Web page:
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Mahina Expeditions, Offshore Cruising Training

Leg 1 Crew : Katie, Will, David, Donna, AL and Jim

Leg 1-2007 Ellos, Sweden to Tromso, Norway

Click HERE for Leg 1-07 Sailing Itinerary



Leg 1-2007, Update 2

June 2, 2007, 1130 hrs, 68.09 N, 14.12 W, Log: 108,040 miles
Moored in Henningsvaer Harbor, Lofoten Islands, Norway
Baro: 1031.1, Cabin Temp: 64F, cockpit 74F

AS GOOD AS IT GETS!

Bergen was brilliant, and just after we tied up in the inner harbor, surrounded by the outdoor fish stalls selling everything from whale and reindeer meat to fresh shrimp and crabs, we noticed a line of black limos pulled off on the side of the street next to Mahina Tiare. Turns out Norway’s king and queen and Bill Clinton were inside, coming to attend a three day music festival. Katie and Jim just missed seeing Bill in a hotel and the king and queen hopped out of the limo to greet the crowd where Donna was standing. Crew also checked out the local street market returning with caviar, marinated salmon and smoked whale.


Bergen waterfront

Bergen harbor

Local fish market – whale, salmon and caviar


With a forecast of Force 7 following winds, we decided that nothing was going to keep us from surfing north, so off we sailed, frequently surfing to over 9 kts while dodging ship traffic headed to the offshore oil rigs!

Our landfall was Fedje Island, the pilot station for ships entering the channels. We tied to an abandoned barge that night and the following morning watched a pilot boat come in and got to chat with Ole Hansson, the ship’s pilot who invited us up to the vessel traffic control center and pilot station. What a view they had! Ole said that in the winter the seas sometimes exceed 24 meters at the oil platforms offshore, and that several times a year it is too rough for any ships to enter. For very large ships, a helicopter comes from Bergen to pick up the pilots and drop them on the ships; otherwise, they go out in their sturdy pilot boats.


Fedje harbor

Pilot boat returning

Hilltop VTS and pilot station

John and Ole, a ship pilot


Thursday, May 24th we had a rip-roaring run in winds gusting to 34 up to Floro, a small fishing and ship building town, followed by another fast, 82 mile run north to Alesund, an attractive city of 25,000 which straddles many small islands, connected by bridges. Alesund was rebuilt in an unmistakable Art Nouveau style in 1904 following a devastating fire. Kaiser Wilhelm of Germany who very was fond of

Alesund harbor
Alesund, sent ships with building supplies and craftsmen to help rebuild this city. All of our crew climbed the 484 steps to summit for a fabulous view of the harbor and town, but sadly found the little café had closed for the evening.

Tuesday, May 29 - Update by Donna

Finally, we are going to get to see the glaciers up close! On Saturday, May 26th the GRIB weather files showed gale force headwinds coming in 72 hours or so, so we took advantage of fresh southerly winds to sail 350 miles non-stop to Lovund Island.




Rocketing north in near gale conditions
A short hike from the Mahina took us to a puffin nest “viewing site”, a short distance up the western side of the 619 meter summit of Lovund. From the viewing site, we could watch the world’s largest puffin conlony returning from their day at sea with beakfuls of herring to feed their young. Between April and August, they fly out to sea each day, sometimes as far as 70km to catch fish.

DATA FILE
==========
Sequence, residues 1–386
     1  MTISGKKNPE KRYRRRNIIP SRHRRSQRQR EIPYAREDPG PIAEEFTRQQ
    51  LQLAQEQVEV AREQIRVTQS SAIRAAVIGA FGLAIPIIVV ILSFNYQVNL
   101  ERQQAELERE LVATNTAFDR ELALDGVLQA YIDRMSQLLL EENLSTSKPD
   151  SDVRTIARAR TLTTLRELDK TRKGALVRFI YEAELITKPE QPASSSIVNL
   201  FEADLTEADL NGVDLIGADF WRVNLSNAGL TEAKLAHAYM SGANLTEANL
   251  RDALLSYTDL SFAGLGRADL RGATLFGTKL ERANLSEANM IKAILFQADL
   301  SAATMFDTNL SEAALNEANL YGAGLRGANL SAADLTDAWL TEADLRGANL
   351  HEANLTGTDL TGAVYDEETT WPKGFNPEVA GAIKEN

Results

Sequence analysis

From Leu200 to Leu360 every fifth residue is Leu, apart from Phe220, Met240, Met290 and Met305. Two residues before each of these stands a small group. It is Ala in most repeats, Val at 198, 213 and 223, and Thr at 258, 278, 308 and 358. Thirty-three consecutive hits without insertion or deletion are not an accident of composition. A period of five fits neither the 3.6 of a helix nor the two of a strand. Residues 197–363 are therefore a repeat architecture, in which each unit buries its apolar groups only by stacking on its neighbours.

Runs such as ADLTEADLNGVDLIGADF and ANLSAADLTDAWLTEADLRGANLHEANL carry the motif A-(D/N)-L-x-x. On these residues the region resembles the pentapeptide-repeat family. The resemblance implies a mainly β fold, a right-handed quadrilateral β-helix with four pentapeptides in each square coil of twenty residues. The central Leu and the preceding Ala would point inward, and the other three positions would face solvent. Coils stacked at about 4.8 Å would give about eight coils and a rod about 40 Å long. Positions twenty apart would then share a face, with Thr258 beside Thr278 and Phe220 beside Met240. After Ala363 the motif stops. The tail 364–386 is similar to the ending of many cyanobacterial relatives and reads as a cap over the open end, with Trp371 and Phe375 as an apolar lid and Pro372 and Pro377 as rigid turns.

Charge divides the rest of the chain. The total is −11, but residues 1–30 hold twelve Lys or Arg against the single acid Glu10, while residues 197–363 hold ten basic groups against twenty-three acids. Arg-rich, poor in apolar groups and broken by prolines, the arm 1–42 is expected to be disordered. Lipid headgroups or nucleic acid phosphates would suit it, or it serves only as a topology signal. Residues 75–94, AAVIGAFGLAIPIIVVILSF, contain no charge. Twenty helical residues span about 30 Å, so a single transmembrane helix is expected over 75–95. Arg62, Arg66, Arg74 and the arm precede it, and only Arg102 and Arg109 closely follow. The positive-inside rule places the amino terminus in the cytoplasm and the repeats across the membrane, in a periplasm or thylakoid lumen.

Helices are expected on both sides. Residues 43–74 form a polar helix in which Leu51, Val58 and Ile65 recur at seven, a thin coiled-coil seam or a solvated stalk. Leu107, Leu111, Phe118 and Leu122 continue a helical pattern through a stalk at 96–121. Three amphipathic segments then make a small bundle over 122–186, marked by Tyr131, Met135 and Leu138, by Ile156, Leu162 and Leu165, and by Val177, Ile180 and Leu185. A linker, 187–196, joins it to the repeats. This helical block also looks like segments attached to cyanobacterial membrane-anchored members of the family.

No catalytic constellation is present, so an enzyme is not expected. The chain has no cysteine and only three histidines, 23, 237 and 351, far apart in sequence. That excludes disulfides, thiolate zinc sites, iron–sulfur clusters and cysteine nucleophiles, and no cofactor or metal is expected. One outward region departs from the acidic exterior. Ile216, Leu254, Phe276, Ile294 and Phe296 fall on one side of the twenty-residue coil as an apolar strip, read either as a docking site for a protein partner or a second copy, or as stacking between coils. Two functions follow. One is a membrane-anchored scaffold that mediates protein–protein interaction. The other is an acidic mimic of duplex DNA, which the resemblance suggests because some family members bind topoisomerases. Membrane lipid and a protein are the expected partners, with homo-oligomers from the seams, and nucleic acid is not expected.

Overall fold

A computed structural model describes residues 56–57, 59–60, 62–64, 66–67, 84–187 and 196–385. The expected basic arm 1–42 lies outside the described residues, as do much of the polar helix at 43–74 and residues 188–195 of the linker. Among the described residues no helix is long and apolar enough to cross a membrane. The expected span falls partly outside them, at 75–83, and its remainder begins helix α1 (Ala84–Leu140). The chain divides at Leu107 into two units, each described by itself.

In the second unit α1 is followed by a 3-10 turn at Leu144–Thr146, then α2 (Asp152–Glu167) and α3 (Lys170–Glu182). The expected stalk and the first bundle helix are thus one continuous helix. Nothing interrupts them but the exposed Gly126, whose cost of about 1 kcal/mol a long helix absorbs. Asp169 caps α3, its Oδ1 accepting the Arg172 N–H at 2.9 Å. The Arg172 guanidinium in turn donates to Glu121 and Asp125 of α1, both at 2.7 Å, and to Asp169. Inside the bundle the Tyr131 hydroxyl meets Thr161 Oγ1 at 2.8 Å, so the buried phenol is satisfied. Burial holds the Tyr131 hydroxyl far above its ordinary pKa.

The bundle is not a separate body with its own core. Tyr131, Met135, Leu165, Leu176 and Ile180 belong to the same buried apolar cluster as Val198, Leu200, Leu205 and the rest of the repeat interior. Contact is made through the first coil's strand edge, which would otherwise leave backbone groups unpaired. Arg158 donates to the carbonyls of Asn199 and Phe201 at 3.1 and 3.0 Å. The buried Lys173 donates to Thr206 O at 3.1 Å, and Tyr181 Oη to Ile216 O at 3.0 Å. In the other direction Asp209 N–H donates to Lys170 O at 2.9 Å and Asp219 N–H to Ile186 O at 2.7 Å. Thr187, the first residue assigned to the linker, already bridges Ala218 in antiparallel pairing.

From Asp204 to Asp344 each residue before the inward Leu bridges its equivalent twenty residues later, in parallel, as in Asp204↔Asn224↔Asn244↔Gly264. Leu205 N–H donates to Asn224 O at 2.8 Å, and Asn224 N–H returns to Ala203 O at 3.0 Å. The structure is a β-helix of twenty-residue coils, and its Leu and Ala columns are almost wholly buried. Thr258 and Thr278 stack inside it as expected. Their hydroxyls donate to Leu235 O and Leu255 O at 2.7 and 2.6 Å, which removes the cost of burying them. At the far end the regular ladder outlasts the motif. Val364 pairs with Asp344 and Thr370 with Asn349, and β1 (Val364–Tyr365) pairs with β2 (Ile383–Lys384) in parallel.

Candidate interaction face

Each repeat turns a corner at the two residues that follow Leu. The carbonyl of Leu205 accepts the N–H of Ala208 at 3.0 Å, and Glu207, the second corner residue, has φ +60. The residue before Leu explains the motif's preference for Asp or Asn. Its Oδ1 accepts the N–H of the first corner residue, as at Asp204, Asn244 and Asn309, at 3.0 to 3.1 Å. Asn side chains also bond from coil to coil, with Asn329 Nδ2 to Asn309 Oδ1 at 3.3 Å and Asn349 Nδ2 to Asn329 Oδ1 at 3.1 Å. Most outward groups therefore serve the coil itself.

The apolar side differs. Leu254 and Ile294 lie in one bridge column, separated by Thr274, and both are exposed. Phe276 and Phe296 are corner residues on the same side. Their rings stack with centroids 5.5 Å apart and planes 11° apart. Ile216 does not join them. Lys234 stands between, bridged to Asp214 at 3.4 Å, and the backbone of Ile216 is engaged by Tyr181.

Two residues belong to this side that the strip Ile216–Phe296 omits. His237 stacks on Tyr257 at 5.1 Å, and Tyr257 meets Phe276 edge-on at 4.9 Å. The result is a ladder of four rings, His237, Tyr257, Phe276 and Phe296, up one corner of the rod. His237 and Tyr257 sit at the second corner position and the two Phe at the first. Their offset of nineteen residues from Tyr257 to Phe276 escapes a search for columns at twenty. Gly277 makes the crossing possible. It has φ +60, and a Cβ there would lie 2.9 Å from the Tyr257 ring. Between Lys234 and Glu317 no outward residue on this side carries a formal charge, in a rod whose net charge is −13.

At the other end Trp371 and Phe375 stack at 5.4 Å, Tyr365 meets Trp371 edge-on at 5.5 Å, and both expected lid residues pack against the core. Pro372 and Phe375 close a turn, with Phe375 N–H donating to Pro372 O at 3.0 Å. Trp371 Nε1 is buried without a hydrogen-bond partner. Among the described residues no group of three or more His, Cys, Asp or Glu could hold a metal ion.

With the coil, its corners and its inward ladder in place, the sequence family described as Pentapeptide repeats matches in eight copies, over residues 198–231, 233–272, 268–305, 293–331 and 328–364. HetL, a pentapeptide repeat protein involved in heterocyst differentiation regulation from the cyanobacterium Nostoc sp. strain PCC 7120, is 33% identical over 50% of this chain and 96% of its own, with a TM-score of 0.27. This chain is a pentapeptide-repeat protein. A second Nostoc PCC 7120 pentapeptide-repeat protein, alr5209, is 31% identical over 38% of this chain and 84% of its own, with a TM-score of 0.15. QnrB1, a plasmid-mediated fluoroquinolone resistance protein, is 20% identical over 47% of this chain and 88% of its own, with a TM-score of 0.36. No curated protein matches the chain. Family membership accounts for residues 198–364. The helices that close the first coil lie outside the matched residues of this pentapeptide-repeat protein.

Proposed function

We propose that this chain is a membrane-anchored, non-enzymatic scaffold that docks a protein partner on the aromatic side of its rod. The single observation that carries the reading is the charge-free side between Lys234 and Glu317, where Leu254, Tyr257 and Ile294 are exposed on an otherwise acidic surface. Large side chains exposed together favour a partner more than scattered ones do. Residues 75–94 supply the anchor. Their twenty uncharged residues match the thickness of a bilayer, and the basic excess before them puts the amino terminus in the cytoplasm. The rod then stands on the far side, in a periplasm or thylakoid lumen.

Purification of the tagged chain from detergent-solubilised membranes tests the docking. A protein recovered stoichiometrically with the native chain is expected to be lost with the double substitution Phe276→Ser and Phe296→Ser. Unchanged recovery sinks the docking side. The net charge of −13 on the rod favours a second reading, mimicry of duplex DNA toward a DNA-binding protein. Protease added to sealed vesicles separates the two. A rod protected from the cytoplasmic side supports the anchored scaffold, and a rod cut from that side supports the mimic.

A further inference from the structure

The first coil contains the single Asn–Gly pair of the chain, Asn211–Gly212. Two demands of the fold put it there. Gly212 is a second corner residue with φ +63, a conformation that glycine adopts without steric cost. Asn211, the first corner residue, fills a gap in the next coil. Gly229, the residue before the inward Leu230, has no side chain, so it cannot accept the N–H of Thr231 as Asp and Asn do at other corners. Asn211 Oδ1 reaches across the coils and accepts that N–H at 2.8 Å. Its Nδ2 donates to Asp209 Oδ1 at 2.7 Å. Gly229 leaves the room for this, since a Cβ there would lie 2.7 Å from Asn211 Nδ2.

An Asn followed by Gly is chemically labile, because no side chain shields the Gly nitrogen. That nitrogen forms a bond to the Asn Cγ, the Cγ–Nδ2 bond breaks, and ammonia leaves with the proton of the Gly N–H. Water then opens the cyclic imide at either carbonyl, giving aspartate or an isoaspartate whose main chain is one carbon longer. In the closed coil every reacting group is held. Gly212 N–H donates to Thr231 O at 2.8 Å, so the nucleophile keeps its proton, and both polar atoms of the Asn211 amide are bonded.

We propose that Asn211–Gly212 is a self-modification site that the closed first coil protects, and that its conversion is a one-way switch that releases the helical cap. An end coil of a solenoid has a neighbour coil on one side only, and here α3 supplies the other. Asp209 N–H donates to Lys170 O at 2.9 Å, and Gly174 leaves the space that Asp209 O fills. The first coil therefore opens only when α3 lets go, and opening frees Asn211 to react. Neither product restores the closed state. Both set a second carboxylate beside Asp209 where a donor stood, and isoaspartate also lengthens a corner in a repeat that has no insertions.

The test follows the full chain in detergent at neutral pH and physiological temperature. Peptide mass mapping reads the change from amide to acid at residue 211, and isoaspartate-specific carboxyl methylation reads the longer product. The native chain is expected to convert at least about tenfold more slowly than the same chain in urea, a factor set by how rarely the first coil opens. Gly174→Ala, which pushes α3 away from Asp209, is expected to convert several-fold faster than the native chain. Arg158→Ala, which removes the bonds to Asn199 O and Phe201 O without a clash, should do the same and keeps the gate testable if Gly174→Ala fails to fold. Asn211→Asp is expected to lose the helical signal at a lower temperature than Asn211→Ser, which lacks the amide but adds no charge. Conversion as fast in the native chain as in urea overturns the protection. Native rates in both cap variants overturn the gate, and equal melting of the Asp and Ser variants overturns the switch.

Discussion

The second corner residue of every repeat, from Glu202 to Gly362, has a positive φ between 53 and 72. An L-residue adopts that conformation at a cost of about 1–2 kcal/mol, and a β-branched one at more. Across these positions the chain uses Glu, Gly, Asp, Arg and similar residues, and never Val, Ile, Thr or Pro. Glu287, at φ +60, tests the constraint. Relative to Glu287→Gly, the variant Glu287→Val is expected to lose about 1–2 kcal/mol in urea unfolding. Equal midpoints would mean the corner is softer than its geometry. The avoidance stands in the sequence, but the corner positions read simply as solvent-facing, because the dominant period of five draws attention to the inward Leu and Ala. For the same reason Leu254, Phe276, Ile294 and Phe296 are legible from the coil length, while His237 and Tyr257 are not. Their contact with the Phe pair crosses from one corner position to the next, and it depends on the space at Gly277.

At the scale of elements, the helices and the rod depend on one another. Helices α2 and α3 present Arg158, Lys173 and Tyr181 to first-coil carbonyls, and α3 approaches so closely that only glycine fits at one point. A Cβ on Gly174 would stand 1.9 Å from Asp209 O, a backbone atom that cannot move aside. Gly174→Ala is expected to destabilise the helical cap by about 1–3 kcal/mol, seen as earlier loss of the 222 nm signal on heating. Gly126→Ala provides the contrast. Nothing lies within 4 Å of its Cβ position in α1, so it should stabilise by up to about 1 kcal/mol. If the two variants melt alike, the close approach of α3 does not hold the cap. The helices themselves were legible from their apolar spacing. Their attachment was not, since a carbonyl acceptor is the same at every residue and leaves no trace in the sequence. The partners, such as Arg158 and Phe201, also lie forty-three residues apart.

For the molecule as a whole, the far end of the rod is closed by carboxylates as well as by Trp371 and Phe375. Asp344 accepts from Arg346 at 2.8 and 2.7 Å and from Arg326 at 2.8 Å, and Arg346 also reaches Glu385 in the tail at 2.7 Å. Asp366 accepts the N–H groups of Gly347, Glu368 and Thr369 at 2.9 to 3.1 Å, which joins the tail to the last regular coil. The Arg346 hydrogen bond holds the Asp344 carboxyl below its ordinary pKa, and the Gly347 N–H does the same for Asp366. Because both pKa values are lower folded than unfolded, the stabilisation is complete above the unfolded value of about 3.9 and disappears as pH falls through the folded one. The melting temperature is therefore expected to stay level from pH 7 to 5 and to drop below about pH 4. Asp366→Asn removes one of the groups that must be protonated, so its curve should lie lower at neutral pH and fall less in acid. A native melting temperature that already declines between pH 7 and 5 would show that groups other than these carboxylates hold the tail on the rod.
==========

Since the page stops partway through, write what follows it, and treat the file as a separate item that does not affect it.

But while the small black dots of puffins were sometimes indistinguishable from clouds of mosquitos, several distant islands were rising dramatically on the horizon. Traena, Nesoya, Hestmona, and Luroy, each over 1000m of outcropping rock to the west and north of us. Tucked between Hestmona and Luroy is the second largest glacier in Norway and the lowest lying glacier on the European continent. Covering 140 square miles, the Svartisen glacier occupies a sizable chunk on the lacy thin section of Norway just north of the Arctic Circle. From Lovund, the snowy peaks between Hestmona and Luroy only hint at the vast expanse of the Svartisen.


Lovund Island

View form puffin colony


We next sailed north to the Holandsfjorden. Our course to the fjord and to the toe of the Svartisen took us on a meandering route through numerous islands and notably, across the Arctic Circle, at 66 degrees north. Finally, looming peaks came into view. For someone used to seeing such craggy glaciated peaks at much higher elevations, I had to remind myself that our northerly latitude accounted for the fact that these peaks were only 3000-5000 feet high. Arriving at the glacier, we stopped for a short photo shoot, docked and had another fabulous meal that Amanda miraculously conjured up in the tiny galley kitchen.

After dinner, we hiked up towards to the glacier to get a close-up view of the ice. The hike to the glacier proper took us past a hotel and tourist center (accessible only by boat), a large lake that formed in the 1950s when the glacier retreated, several sheep, and finally to a well marked path along the slabby rock striped and scarred by the retreating glacier. When the path ended, it looked like only more committing scrambling was going to get us to the actual toe. As it turned out, the scrambling was easy and the view of the toe of the glacier from up close was well worth the effort. What looked to be short steps when viewed from the dock a mile away, turned out to be impressive 30 foot vertical ice walls.